Even Elon Musk Makes It Clear Starlink Could Have Limited Impact, May Not Be Financially Viable

from the subsidize-me-please dept

When even Elon Musk is reining in expectations and speaking carefully about one of his products, you know you probably shouldn’t get too excited.

We’ve noted how Musk’s Starlink satellite broadband venture will certainly help a few people out of the reach of broadband options, but isn’t going to meaningfully disrupt telecom. Limited capacity means Starlink will be able to provide broadband service to somewhere between 400,00 and 800,000 subscribers, in a country where up to 42 million Americans lack access to broadband, 83 million live under a broadband monopoly, and tens of millions more live under a duopoly. In short, Starlink will “fix” US broadband much like a squirt gun will kill an elephant.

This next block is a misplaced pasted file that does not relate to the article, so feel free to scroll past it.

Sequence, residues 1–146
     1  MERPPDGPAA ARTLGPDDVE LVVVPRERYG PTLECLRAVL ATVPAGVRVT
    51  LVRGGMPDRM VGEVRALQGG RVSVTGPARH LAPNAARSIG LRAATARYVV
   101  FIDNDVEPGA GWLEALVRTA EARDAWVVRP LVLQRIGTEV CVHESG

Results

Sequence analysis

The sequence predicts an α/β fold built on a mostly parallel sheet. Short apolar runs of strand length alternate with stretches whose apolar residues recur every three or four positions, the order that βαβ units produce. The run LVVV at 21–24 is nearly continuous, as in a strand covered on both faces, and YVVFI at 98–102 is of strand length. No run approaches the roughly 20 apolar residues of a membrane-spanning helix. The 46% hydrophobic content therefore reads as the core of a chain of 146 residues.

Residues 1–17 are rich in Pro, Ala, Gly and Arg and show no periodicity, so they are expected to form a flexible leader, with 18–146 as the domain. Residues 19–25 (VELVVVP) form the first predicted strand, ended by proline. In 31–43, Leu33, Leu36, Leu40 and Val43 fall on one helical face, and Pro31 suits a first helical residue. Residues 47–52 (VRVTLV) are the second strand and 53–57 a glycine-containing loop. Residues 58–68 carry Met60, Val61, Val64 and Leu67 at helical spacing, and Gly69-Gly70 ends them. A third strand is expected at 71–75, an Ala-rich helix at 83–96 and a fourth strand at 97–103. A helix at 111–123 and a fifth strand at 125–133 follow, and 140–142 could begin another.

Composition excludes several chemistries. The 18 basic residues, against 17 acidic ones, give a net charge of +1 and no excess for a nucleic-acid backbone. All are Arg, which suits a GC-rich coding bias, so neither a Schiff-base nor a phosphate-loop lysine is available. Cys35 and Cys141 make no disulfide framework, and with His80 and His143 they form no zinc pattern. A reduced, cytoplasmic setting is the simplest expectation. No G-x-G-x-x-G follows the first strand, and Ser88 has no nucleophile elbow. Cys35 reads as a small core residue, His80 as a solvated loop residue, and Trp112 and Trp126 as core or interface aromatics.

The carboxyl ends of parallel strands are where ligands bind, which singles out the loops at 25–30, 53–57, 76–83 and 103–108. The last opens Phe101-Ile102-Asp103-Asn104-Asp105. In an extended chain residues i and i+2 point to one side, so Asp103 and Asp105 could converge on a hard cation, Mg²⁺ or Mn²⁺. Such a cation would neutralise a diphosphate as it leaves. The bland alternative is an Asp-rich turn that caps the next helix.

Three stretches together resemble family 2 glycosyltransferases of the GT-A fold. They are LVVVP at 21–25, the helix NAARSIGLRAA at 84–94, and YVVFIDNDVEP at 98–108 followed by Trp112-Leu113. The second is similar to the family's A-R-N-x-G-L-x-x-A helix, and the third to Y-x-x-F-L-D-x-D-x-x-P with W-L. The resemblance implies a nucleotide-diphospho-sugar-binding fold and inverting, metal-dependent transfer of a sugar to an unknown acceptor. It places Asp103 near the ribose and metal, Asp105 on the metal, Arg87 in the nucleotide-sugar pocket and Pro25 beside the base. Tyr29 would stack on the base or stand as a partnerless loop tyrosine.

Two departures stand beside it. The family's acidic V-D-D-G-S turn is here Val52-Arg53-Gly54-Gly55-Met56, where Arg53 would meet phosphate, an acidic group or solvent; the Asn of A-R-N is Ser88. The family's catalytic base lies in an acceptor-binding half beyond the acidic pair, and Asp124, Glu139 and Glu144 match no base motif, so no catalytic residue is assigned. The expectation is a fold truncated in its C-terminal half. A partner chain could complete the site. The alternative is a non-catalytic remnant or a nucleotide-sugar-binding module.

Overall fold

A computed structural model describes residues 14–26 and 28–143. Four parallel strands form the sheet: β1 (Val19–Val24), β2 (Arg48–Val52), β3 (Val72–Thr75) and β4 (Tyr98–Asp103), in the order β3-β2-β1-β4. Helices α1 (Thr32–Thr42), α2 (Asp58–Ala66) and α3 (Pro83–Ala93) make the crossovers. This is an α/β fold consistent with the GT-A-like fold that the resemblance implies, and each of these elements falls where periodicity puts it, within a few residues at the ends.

Musk clearly knows that Starlink’s reach doesn’t meet the usual hype surrounding the billionaire’s products, so he continues to be more candid and honest when talking about Starlink versus many of his other abundantly hyped projects. Like during his onscreen talk at Mobile World Congress (MWC) in Barcelona, where he once again tempered enthusiasm about Starlink’s real-world impact:

“You can think of Starlink as filling in the gaps between 5G and fiber, and really getting into parts of the world that are hardest to reach,? he told interviewer Justin Springham, publisher of Mobile World Live, in a keynote Tuesday at the wireless industry trade show. As in, the last “3%, maybe 5%.”

Musk also made it clear that the low orbit satellite broadband business is littered by failures, something he’d like to avoid: